The Trump administration's recent trade agreements with Japan and China scored some real wins for farmers and ranchers, who have been quick to express their appreciation. So am I just being churlish in saluting these deals with only two cheers rather than the usual three?
No, I don't think so. As welcome as these agreements are, there are plenty of reasons not to go overboard in our enthusiasm for them.
Japan agreed to give many U.S. ag products, led by beef, pork and wine, the same access as products from Australia, New Zealand and Canada under the 11-nation Trans-Pacific Partnership agreement, which President Donald Trump withdrew the U.S. from on his first day as president. Hurrah.
But some U.S. products -- rice, barley, butter and skim milk powder -- got a less good deal than they would have under TPP (https://www.cnbc.com/…).
And remember, Trump repeatedly blasted TPP as a bad deal and promised to negotiate a better one with Japan. Instead, the one he finally landed doesn't fully match the gains U.S. ag would have achieved if we'd stayed in the TPP. Compared to TPP, it's a two-cheer deal.
China agreed on Oct. 11 to buy what President Trump described as $40 billion to $50 billion of U.S. ag products. Hurrah again. Over what period of time the purchases would be made, however, is unclear.
As the Wall Street Journal noted, China bought $24 billion of U.S. ag products in 2017, before the trade war began, so a $40 billion purchase in a single year would be huge. "If the promised sum is spread out over some longer period of time, it is less significant." (https://www.wsj.com/…)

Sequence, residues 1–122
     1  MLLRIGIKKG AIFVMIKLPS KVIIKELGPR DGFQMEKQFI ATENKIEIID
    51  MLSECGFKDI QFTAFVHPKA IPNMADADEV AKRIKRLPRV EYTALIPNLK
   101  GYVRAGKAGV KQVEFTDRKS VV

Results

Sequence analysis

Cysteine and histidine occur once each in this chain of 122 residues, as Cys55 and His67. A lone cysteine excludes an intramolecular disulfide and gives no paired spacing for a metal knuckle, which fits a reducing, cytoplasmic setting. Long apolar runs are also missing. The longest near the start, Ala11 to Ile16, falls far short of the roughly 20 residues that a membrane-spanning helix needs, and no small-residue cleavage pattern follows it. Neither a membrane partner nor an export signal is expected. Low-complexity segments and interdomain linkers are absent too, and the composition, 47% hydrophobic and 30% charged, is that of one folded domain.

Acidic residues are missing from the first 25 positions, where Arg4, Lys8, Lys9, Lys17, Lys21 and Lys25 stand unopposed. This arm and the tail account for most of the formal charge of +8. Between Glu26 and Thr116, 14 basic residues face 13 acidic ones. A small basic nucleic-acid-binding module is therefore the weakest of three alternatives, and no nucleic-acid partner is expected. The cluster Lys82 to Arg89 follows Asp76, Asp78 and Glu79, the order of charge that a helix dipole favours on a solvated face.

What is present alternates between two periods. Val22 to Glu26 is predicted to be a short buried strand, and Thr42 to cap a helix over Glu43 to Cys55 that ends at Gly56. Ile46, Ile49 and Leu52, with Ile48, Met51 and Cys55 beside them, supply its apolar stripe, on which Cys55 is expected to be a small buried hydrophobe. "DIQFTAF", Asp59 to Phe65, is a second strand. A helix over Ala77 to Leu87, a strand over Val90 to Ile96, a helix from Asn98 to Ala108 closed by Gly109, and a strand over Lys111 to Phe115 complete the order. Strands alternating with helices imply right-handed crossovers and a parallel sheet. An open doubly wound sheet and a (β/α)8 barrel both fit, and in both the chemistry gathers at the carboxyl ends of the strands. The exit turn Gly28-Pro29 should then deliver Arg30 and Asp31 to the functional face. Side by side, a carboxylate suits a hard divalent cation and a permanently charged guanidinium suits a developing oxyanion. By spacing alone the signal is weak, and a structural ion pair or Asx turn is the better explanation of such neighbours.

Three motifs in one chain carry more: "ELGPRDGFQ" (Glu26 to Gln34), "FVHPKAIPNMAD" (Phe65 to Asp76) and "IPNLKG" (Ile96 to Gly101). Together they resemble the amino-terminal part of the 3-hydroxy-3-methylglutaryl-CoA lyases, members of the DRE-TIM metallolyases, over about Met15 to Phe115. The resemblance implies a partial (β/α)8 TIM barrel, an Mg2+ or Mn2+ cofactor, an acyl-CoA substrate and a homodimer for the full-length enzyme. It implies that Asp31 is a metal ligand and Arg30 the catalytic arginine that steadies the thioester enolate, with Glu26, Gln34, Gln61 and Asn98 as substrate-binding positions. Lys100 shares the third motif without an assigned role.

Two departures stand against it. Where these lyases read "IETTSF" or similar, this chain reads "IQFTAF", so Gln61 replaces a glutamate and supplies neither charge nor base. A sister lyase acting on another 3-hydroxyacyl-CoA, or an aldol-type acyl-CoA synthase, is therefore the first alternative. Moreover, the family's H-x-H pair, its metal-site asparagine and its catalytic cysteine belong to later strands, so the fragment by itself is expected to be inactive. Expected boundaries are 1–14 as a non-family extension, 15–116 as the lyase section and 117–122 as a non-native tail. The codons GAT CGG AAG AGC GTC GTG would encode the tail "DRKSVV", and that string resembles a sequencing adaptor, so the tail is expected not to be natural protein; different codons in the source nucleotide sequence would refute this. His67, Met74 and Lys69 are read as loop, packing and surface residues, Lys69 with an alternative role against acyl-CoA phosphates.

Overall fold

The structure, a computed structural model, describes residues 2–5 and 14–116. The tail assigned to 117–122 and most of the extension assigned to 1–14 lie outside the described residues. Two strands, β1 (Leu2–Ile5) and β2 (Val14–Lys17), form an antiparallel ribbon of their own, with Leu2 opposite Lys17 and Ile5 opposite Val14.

Moreover, the agreement with China is preliminary. There's a lot of negotiating yet to be done to nail it down, which means a lot of opportunity for the agreement to fall apart. As DTN's Todd Neeley pointed out in a China Trade Timeline in his story on the agreement, there have been many "twists and turns" in the U.S.-China trade war, with sunny-sounding announcements sometimes raising hopes that subsequent events dashed (https://www.dtnpf.com/…).
Bottom line? The deal with China, like the one with Japan, only rates two cheers.
Something else worth mentioning: Neither deal covers as broad an array of non-agricultural issues as U.S. negotiators hoped. The Japan deal omits automobiles, which is the elephant in the room in the overall trade relationship between the two countries.
The China deal does not address the many problems Trump negotiators have raised with how the structure of China's economy hurts American companies trying to do business there. Those issues will be tackled later, the Chinese indicated. The Journal said the announcement of the deal "potentially works in Beijing's favor, as it has long sought to negotiate with the U.S. in stages."
In the broad multilateral trade agreements of the past, including those that created the World Trade Organization and its predecessor, the General Agreement on Trade and Tariffs, American agriculture got short shrift. Other countries were determined to protect their farmers from foreign competition and made only grudging concessions.
This time, at least, U.S. agriculture's concerns are front and center. The administration deserves praise for that. But given that U.S. agriculture had a better deal in TPP and given the uncertainties of the arrangement with China, it's not enough to rate a third cheer.
Urban C. Lehner can be reached at firstname.lastname@example.org
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